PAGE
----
Wolf Says PA Not “Ready” for Recreational Pot. PA Inhales, Disagrees.
Based on their reactions online, a whole lot of Pennsylvanians find the governor’s stance half-baked.
Gov. Tom Wolf made it clear in a radio interview this week where he comes down on the issue of legalizing marijuana for recreational use: Pennsylvania is “not ready for it.”
“There are, what, six states that have legalized recreational marijuana in the United States,” Wolf said in an interview with KDKA 1020 in Pittsburgh. “I don’t think the citizens of Pennsylvania are ready for it, and so the answer I would say is no.”
There was no explanation in the recorded segment online, only a reminder that we just gave dry leaf the green light for medicinal use. Slow your roll, guys.
Many Pennsylvanians, for what it’s worth, find Wolf’s stance to be a little … half-baked.
Luckily no one in Pennsylvania has tried using marijuana recreationally. We’re not ready, good thing it’s illegal!
— Bill Nagorski (@BNagorski) August 9, 2018
Why don’t you let the citizens of Pa. who pay your salary decide that for themselves, I’m an adult and can make those decisions for myself thank you very much.
— Will Wlodarczyk (@woody71956) August 8, 2018
According to a 2017 Franklin And Marshall poll, 59 percent of Pennsylvanians think marijuana should be legalized recreationally. 31 percent of respondents don’t, and 9 percent said “I don’t know” or “What was the question again?”
The York County businessman said almost the exact same thing last year: “I don’t think Pennsylvania is ready for it,” Wolf told NBC10 in March 2017. “I think that’s important. This is a democracy and you can’t move ahead of the electorate.”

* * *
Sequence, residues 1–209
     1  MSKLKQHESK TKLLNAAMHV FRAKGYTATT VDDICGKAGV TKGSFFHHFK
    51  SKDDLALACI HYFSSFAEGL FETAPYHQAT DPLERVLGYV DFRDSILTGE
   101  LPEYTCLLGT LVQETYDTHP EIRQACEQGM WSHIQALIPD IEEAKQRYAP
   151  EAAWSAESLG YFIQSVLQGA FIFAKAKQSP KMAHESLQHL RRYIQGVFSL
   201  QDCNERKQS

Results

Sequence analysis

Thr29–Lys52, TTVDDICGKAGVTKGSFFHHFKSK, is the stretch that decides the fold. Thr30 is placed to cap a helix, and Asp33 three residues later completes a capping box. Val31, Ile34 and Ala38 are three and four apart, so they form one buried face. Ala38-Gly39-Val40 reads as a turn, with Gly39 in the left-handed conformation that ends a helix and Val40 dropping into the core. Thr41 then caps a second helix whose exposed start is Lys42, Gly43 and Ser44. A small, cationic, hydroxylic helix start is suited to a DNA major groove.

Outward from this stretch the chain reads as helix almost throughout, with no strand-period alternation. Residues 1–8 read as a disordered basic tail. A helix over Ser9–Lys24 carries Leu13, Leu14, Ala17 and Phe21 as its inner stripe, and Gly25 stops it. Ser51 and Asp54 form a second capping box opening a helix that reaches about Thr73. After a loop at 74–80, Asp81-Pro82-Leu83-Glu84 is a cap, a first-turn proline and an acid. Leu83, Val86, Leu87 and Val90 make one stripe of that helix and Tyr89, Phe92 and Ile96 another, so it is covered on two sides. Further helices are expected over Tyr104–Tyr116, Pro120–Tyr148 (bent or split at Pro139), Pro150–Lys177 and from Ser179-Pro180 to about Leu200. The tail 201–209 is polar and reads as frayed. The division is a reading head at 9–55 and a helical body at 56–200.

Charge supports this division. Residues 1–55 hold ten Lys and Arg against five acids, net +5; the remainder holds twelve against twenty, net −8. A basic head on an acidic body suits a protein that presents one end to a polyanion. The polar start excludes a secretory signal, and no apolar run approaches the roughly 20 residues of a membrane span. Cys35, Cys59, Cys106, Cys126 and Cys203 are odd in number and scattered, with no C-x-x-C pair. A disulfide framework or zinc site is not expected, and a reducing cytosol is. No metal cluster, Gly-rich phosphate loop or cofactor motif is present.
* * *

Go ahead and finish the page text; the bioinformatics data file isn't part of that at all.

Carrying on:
That’s right, Gov. Wolf. But you probably shouldn’t move behind them either.
Um, in 2017, 59 percent of Pennsylvanians said they are ready. I only imagine that number is higher now. https://t.co/UliIMov4Lv
— Ryan Deto (@RyanDeto) August 8, 2018
The state’s auditor general, Eugene DePasquale, has on numerous occasions extolled the financial windfall recreational marijuana could mean for Pennsylvania.
“An overwhelming majority of Americans now favor marijuana legalization, and I would hate to see Pennsylvania lose out on a revenue stream and the social benefits that would be provided by moving away from the ‘reefer madness’ mindset,” DePasquale said earlier this year at a legalization rally sponsored by NORML, the ACLU-PA and the Keystone Cannabis Coalition.
DePasquale said a conservative estimate predicts some $200 million in additional tax revenue would follow legalization, as well as an estimated annual reduction of 20,000 marijuana arrest in the state, saving police departments time and resources. Legalization would bring a whole industry worth of new jobs, the auditor general said.
“This is probably the most significant issue I have seen where the public and the voters are so far ahead of the politicians,” he said. “Legalization of marijuana in Pennsylvania is going to happen, but we must hold our elected officials accountable.”
Medical marijuana was signed into law in Pennsylvania in 2016 allowing oils, tinctures and the like for those with a prescription. And just recently, dry leaf, or regular old pot, became available for patients.
A recent study out of Drexel University’s Dornsife School of Public Health found that youth in Pennsylvania are more accepting of marijuana use than ever, but that their lax attitude towards the drug hasn’t resulted in increased use.
“This is important because many people fear that legalizing marijuana will lead to greater use and potential abuse,” said Philip Massey, an assistant professor who lead the report.
John Fetterman, the lieutenant governor candidate on the Democratic ticket in November, was asked on Twitter to “put a bug” in his running mate’s ear. He responded simply: